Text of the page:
Mistake fares are one of my favorite travel secrets as the savings are huge, the adrenaline rush is fast and furious, and you never know when one will show up. They happen for both airfares and hotel rates.
Imagine some new hire, bored employee sitting in front of a computer screen all day entering data: LGA to DEN $200 base fare, $12.62 airport tax, $.89 recovery fee, $4.36 security fee, M-Th only, round-trip only, season January 4 to May 8, with exception of May 1, 2 and 3.
Imagine them doing this hour after hour, day after day, week after week. Mistakes will be made. The resulting mistake fares will end up being offered to the public. Airlines publish hundreds of fares between city pairs every day. The odds of mistakes happening are very high. I’m amazed more don’t surface, but when they do, good things can happen for you.
When a mistake fare or incorrect hotel rate is published, the vendor offering the fare or rate has two choices: honor the mistake fare or refuse to honor the error. In all cases, the vendor runs the show and I will go along with their decision. In many cases, in the name of good public relations, the vendor will honor the fare and chalk it up to the cost of doing business. I like when that happens, and I give them future business as well for honoring their mistake. Really, it is no different than a mismarked item in a grocery store — just bigger numbers.
I’m not going to judge your moral position on taking advantage of a mistake fare. Every one of us has to make his or her own decision, just as the vendor has to make his decision to honor the fare or not.
Here are some notable mistake fares:
- British Airways: $20 +tax U.S. to Europe
- San Jose to Paris: $27.88
- Chicago to Puerto Vallarta: $150 in business class
- Watertown, NY to anywhere in the U.S. for: $1.86+ tax
- Los Angeles to Fiji: $51
- Calgary to Spain: $130
- Toronto to Bucharest: $235 Canadian
- Atlanta to Honolulu: $152.50
- Atlanta to Acapulco: $0 + taxes
- Charlotte to Barbados: $28 + taxes
- West Coast to Hawaii with 2 nights hotel: $141 total
- Baltimore to Iceland: $64 round trip
And here are a few examples of hotel mistake rates:
- La Quinta Resort and Spa: $40 per night
- Tokyo Hilton: £1
- W Hotel in NYC: $20 per night
- Phuket, Thailand Holiday Inn: .01 Bahts
- Portland, Maine Sheraton: $19 per night
- Amerisuites Charlotte: $1 per night
The Tokyo Hilton mistake was picked up by some kids on college campuses and spread around the Internet so fast that every Hilton in Japan was booked for the entire summer at the mistake rate. Obviously, neither Hilton nor Travelocity could swallow that big a hit, so they those with reservations a $100 travel voucher for a future booking on Travelocity.
There are many more examples. But from these you can see the huge savings involved in finding and participating in a mistake fare. Some of our most memorable vacations were the result of these mistakes. How can you pass up these rates?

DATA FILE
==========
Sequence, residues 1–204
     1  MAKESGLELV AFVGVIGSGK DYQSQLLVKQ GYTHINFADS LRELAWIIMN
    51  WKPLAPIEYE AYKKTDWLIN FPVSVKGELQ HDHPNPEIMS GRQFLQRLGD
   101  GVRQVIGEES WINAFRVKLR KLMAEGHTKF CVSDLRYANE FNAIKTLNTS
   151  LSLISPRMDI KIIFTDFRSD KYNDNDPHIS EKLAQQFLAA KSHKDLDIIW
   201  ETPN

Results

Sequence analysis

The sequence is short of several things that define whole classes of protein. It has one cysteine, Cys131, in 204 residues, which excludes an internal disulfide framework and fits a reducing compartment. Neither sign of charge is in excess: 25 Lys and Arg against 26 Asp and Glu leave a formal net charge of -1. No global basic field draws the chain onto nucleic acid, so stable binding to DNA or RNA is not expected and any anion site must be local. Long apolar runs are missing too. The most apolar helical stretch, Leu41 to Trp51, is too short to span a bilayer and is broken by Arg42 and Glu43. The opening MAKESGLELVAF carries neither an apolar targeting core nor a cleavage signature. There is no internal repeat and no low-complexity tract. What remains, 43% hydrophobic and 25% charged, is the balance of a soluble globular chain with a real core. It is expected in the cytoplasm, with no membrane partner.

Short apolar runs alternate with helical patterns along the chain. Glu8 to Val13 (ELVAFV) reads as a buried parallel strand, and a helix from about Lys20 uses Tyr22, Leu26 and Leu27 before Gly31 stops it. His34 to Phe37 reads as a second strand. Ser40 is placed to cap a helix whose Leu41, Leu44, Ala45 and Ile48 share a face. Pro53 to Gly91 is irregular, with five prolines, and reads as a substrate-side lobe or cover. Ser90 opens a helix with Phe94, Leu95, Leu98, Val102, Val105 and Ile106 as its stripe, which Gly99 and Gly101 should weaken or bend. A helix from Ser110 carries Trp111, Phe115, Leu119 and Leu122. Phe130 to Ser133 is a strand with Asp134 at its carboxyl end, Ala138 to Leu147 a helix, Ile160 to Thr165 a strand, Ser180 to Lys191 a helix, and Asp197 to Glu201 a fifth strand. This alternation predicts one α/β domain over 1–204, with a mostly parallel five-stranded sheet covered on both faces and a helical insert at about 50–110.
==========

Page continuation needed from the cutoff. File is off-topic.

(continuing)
The mistakes all seem to fall in three categories:
- Dancing Decimal — A business class fare to New Zealand was loaded as $1,438.08 instead of $14,380.80.
- Currency Conversion Error — The Conrad Bangkok Hotel Presidential Suite went for 1,935 Thai Bahts instead of the correct rate of $1,935 U.S. dollars per night. People paid only $51 for the 2,300-square-foot suite per night.
- Forgot a Fare Component — Cheaptickets loaded the fare to Iceland, but forgot the actual fare. They just loaded the taxes and surcharges. We flew for $64 round trip!
When you find a mistake fare it really doesn’t matter what type it is. What is important is that you study the info you have available about the fare. Then:
1. Act Quickly
These fares can disappear in minutes. Not all mistake fares are honored so do not make other travel arrangements immediately. Give the vendor the opportunity to decide if they will be honoring the fare or not. And if not, what type of compensation they may give you instead of honoring the fare. Other people are trying to make their bookings at the same time. Minutes matter.
Your trip should be within all the mistake fare ground rules, i.e., dates of travel, starting city, fare class, class of service, minimum stays, booking agent and routings. No exceptions.
Read everything you can online about the mistake fare before attempting a booking.
2. Do NOT call the Airline or Hotel for clarification until the deal is DEAD.
Preferably never call. Ask other travelers or knowledgeable friends questions by phone, instant message or email BeforeYouBook. You’ll hear about mistakes fares from the same websites that post about Fare Wars, but these last typically a very, very short time. Look for fares mistakes at the airline websites, Airfarewatchdog.com, Expedia.com, Travelocity.com, Orbitz.com
There is a particular forum on FlyerTalk called the Mileage Run forum that lists really good fares and is a place to find mistake fares. But as the FlyerTalk network grows, and more rookies make the mistake of calling the vendor while the fare is still available, the less likely it is that a mistake fare will be published.
The more people that get involved in a mistake fare, the faster it seems to disappear. Having a network of likeminded friends certainly helps. Two set of eyes is better than one and the bigger network you have, the better your chances of finding a mistake fare before it disappears. Sometimes, they last only minutes. Again, act quickly and be aware if the fare is non-refundable or not.
[Image via Getty]